We've arrived at our sites and schools at a funny time. Much of the educational system here revolves around major standardized tests, and since the tests are done and there is only 3 weeks of school left, not much "school" is getting done. So, one of the things that has occupied my school time has been playing along to some of their songs with the school's guitar. Today, the kids sang a couple English sunday-school-type songs. One was called "God's Love is Like a Circle", which spoke simply of God's unending love, and the other repeated the line "the countdown's getting shorter every day", referring to the anticipation of Christ's return. In every way, they were typical, sunday school songs; I'm sure you know the type. But in the middle of playing along, I got a little teary eyed.
I've heard more than my fair share of worship songs, and I don't usually get choked up so easily. As I reflected on the situation, it brought to mind what I would consider to be one of my most significant struggles during my Peace Corps service thus far.
The truth is this: I miss Christianity. I can't think of any better way to say it. This may sound strange to say, since I live in a nation that is overwhelmingly influenced by Christian religion. But the language barrier and cultural differences make it such a different ball game.
In many ways, I could say that there are plenty of "Christian aspects" of the Peace Corps. We are here to serve and empower those less fortunate than us. We are leaving home and comfort behind and are choosing to live like the people we are serving. But not once in our training has the importance of adopting a servant's heart or putting other's needs before our own been mentioned. Not once has it been implied that our service carries any kind of greater purpose or bigger picture.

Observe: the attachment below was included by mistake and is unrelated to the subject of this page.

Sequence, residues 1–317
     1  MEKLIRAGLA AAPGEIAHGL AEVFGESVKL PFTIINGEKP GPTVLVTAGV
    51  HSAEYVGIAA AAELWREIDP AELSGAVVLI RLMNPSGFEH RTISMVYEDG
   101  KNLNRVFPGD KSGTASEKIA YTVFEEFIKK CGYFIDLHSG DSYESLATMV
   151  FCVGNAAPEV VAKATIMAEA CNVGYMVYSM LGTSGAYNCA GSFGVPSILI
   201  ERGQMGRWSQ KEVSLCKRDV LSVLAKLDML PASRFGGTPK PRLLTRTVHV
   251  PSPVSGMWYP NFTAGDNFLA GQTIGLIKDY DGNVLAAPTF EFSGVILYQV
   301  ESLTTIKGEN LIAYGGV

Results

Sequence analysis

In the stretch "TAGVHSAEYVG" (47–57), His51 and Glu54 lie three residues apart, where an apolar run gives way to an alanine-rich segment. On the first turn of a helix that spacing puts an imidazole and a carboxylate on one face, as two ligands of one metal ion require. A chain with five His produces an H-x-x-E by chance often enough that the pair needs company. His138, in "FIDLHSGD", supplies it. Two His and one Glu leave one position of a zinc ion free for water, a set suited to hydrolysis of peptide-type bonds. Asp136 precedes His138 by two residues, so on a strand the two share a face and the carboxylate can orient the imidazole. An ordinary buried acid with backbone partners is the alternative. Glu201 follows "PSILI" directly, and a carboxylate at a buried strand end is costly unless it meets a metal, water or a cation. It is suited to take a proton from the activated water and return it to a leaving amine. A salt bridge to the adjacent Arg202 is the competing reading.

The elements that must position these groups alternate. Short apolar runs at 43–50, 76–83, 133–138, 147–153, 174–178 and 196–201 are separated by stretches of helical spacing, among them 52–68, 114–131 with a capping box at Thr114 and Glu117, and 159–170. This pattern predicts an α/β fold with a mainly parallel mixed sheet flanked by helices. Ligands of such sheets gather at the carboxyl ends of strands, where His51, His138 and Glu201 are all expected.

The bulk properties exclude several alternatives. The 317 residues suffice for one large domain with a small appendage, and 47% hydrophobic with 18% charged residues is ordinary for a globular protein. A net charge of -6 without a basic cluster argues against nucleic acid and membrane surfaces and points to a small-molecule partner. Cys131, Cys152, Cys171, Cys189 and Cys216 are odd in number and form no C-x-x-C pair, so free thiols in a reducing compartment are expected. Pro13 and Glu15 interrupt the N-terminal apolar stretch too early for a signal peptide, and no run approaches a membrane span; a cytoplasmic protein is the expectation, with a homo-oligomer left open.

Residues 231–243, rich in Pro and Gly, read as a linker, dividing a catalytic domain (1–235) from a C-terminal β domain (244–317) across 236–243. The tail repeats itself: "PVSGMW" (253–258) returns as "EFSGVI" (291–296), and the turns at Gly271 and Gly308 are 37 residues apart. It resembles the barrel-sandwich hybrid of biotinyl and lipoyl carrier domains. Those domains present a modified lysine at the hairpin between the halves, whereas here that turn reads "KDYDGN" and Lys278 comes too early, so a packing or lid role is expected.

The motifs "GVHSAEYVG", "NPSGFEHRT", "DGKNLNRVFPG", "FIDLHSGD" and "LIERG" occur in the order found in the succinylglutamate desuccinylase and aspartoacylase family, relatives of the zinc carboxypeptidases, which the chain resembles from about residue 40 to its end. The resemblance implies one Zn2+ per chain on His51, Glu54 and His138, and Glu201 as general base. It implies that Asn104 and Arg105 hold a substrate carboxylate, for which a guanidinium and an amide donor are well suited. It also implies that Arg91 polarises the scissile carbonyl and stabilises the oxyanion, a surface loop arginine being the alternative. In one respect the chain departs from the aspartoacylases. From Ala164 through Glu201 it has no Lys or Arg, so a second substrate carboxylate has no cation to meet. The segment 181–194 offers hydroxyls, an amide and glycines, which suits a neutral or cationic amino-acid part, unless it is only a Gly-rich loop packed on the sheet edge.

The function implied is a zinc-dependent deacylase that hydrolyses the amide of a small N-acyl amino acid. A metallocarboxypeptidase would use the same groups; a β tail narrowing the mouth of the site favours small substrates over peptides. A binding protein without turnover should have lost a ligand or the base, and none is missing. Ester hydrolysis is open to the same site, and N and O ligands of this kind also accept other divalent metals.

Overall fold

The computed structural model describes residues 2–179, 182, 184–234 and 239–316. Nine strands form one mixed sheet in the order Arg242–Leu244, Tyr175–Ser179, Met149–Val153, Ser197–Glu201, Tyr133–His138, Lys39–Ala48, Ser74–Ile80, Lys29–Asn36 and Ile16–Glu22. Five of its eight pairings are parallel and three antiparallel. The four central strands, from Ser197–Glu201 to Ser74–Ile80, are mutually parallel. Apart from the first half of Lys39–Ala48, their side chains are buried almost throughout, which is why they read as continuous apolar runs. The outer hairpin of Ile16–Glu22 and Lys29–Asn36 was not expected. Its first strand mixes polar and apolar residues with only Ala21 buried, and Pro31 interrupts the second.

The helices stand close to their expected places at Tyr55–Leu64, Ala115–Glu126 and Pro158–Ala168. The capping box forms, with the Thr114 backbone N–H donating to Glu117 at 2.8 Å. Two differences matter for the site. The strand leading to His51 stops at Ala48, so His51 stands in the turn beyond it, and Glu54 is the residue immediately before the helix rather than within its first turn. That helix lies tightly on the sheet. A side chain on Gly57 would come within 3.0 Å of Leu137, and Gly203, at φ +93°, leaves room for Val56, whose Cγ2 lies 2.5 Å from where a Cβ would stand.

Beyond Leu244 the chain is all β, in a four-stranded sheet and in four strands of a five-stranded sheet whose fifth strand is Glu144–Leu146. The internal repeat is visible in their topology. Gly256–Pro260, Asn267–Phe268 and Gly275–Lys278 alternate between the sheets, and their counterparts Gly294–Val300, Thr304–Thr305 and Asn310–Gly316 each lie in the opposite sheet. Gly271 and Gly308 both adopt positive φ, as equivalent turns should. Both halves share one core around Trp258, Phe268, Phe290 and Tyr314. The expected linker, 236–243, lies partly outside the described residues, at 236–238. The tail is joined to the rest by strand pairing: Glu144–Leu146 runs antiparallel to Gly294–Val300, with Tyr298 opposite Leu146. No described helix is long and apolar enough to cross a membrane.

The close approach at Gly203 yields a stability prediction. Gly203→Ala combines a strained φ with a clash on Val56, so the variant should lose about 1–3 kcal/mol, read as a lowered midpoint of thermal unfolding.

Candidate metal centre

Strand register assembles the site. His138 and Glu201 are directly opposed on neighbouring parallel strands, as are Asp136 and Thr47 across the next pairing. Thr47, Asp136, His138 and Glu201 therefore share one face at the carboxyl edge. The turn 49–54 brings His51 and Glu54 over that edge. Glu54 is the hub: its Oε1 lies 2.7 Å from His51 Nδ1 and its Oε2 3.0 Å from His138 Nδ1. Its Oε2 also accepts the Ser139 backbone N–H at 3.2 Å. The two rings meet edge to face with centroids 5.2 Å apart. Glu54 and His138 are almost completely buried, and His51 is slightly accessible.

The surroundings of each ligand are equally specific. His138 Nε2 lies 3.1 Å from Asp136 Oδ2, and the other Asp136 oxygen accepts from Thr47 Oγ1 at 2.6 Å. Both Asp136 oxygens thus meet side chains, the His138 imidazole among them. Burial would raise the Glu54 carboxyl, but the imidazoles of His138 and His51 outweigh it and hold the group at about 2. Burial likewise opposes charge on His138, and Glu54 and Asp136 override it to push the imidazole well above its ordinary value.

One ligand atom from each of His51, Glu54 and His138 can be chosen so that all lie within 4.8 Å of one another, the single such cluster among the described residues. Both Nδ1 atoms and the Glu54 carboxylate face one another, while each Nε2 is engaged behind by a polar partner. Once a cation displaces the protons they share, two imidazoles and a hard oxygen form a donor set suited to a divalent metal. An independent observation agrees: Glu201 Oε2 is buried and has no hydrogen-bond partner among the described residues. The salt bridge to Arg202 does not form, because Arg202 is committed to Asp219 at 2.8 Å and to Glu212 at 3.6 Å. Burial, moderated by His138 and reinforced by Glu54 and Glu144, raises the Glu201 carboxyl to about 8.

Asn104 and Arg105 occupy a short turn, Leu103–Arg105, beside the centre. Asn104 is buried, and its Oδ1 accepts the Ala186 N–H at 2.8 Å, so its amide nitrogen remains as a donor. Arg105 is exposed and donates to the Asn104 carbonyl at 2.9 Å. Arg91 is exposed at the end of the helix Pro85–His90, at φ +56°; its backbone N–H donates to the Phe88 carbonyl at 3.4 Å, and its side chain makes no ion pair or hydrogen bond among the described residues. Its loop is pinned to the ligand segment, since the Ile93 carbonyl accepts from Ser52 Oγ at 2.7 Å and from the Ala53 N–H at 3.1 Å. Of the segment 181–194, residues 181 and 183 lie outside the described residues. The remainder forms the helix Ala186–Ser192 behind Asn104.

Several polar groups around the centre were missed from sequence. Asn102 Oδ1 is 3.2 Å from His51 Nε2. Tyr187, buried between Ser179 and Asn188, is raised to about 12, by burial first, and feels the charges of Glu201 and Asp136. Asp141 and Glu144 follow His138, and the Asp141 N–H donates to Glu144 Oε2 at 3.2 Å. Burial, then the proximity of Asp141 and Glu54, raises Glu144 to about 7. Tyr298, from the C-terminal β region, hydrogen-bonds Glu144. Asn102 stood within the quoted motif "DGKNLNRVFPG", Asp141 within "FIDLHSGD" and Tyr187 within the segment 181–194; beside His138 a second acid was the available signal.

Having come from a life surrounded by Christian friends and a church community, this reality has been extremely hard for me. I am used to talk of God, or prayer, or purpose coming up so naturally in conversation. But not once have I been encouraged to pray in times of struggle by a friend. Not once has peace been offered because of God's love and plan. It has felt so foreign and strange to prepare for this type of service without even a mention of spiritual matters.
All that to say, we are getting by. We are certainly having to lean on each other more, and we are having to get fed spiritually in other ways. And I do know that, in the end, we will benefit from this stark change. But, I have also realized that I sorely took for granted my friends and community back home. Of course, it's important to invest in folks who think differently from us, but to truly share life with people with a common perspective on life is a beautiful and invaluable thing. It connects us far more than I realized.
Friends, you are missed.